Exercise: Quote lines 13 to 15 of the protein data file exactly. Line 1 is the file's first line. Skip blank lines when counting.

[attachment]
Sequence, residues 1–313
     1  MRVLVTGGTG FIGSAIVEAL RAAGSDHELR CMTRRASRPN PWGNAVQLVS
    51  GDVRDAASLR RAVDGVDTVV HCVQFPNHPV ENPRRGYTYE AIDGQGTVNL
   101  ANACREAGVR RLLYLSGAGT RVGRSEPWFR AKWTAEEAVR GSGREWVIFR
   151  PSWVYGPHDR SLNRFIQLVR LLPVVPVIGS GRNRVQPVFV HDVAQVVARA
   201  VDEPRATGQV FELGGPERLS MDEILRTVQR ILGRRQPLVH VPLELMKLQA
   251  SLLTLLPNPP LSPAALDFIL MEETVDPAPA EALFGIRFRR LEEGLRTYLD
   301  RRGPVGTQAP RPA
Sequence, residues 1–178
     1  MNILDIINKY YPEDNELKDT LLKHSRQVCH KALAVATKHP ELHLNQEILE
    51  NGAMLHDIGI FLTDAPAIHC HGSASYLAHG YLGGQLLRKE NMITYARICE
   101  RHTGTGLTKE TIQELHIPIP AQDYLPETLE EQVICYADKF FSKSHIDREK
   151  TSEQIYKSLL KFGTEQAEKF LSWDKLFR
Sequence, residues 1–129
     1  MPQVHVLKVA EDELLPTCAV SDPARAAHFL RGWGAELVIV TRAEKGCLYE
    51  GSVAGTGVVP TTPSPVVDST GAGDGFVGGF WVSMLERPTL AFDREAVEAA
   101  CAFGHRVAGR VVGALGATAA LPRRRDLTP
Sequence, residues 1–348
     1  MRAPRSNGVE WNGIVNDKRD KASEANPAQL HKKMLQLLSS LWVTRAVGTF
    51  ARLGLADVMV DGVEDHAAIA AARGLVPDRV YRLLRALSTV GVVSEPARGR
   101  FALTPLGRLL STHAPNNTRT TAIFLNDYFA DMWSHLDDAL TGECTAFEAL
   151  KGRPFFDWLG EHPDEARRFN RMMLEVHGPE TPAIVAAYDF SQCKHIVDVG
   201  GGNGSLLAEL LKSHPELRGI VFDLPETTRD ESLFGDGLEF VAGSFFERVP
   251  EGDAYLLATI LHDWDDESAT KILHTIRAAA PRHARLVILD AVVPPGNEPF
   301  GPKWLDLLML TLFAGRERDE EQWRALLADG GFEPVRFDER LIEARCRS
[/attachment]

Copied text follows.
   151  TSEQIYKSLL KFGTEQAEKF LSWDKLFR
Sequence, residues 1–129
     1  MPQVHVLKVA EDELLPTCAV SDPARAAHFL RGWGAELVIV TRAEKGCLYE